At a recent senate committee hearing, stakeholders stressed the importance of requiring the use of open APIs in ONC information blocking regulations.
Ensuring healthcare providers and health IT vendors adopt data standards to support application programming interfaces should be a top priority when finalizing an ONC proposed rule about information blocking, according to stakeholders at a recent Senate Committee on Health, Education, Labor, and Pensions hearing.
Industry experts including Pew Charitable Trusts Health Information Technology Project Director Ben Moscovitch, Omada Health Chief Privacy and Regulatory Officer Lucia Savage, and others presented testimony before the committee about ways to implement the 21st Century Cures Act so that health data flows freely.
As drafted, the proposed rule on information blocking requires that insurers share patient health data with patients by January 1, 2020. Additionally, the rule requires that health IT vendors adopt data standards to support APIs two years after the rules are put in place.
The proposed rule also requires hospitals to send electronic notifications to providers immediately after a patient is admitted, discharged or transferred from the hospital.
Moscovitch testified that the proposed information blocking regulations have the potential to enable easier health data use, improve patient matching, promote patient safety, and reduce clinician burden.
Enforcing the use of APIs is key to achieving these benefits, Moscovitch said.
“APIs are the foundation of the modern internet,” said Moscovitch.
“For APIs to be effectively used, different systems need to exchange data in the same way,” he added.
Encouraging widespread use of the Fast Healthcare Interoperability Resources (FHIR) standard in health data exchange will help to ensure interoperability between different health IT systems.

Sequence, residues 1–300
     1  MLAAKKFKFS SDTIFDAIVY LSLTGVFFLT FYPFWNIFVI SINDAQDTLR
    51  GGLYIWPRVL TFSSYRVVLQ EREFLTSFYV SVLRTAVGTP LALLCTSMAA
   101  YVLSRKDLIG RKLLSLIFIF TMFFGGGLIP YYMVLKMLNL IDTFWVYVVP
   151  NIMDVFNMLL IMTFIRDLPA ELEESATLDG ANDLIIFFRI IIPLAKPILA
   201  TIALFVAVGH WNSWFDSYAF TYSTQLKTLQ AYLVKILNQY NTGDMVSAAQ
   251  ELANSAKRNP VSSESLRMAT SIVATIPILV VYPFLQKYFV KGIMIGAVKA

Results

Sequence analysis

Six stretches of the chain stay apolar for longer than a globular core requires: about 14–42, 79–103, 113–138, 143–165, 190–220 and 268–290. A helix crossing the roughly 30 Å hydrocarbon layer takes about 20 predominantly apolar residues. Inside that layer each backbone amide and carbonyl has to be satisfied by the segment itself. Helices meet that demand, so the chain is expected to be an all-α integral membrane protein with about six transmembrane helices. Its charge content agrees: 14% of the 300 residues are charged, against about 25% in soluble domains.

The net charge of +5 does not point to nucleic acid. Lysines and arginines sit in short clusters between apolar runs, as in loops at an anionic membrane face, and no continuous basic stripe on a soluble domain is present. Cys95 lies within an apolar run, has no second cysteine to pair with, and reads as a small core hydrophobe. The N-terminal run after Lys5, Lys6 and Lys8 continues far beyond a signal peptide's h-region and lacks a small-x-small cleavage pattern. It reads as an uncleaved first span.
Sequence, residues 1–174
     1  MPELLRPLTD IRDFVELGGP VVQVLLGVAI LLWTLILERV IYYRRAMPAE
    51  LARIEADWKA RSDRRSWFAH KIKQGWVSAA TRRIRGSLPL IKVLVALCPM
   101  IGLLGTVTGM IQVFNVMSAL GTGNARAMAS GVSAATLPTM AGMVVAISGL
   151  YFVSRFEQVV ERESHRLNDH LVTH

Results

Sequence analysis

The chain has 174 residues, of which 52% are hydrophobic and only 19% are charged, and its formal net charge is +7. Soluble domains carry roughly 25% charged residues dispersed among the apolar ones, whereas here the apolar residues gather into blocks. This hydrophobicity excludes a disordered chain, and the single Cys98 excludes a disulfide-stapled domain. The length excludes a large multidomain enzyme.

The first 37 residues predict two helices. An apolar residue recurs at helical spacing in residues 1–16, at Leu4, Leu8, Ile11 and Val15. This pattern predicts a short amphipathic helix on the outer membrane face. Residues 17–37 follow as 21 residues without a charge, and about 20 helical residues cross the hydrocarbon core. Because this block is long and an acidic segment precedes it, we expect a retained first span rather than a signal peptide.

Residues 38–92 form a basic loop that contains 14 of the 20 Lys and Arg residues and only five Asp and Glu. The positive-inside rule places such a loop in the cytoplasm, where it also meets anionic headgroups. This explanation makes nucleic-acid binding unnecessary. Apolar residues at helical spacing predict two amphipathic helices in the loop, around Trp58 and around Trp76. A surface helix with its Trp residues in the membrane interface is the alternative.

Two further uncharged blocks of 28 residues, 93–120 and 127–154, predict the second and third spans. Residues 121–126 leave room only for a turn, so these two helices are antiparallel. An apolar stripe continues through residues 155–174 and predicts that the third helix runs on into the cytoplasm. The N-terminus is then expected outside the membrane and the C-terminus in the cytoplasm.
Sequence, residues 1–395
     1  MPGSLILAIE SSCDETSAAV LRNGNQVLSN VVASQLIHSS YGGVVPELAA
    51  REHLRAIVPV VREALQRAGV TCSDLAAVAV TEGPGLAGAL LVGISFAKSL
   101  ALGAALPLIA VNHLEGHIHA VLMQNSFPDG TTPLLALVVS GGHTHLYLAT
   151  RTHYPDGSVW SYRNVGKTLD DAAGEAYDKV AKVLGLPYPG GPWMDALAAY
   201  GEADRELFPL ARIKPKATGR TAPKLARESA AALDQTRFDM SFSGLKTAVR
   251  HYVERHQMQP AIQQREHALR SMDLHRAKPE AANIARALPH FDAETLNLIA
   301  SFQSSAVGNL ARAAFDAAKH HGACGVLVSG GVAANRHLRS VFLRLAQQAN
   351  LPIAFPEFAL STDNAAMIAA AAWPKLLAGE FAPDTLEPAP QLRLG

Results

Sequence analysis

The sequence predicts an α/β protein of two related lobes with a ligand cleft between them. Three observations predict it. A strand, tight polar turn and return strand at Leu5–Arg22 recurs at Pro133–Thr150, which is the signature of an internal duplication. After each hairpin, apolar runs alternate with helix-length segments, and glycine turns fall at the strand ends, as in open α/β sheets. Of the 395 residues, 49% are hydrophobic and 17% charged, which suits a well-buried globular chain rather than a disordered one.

“As ONC finalizes the rule, Congress should ensure the agency maintains its commitment to these standard APIs.”
Moscovitch also recommended ONC promote the use of data standards to improve patient matching accuracy.
“When data are exchanged, records may not be matched up to half of the time,” said Moscovitch. “Better standardization of data can improve match rates.”
“To improve matching, ONC should specify use of the postal service standard for address, and include other routinely collected elements like email address, which is already in half of records but not used for matching,” Moscovitch added.
Cementing patient safety as a priority during the implementation of Cures should also be a top priority for ONC, Moscovitch testified.
“The agency should embed safety in the usability aspects of the EHR Reporting Program,” he said.
Lucia Savage, Chief Privacy and Regulatory Officer of Omada Health, urged ONC to hold a wide range of health IT vendors to the regulations set forth by the information blocking rules. As written, only certified EHR vendors are held to information blocking standards.
“The proposed rule does not reach to health information technology in the emerging world of connected devices or software as a medical device,” said Savage. “And it seems to omit any non-certified EHR such as a lab or pharmacy electronic records system that is not certified.”
Ensuring all health IT vendors are held to the same standards in regards to information sharing will help to promote interoperability across health IT systems, healthcare organizations, and care settings.
Date: April 03, 2019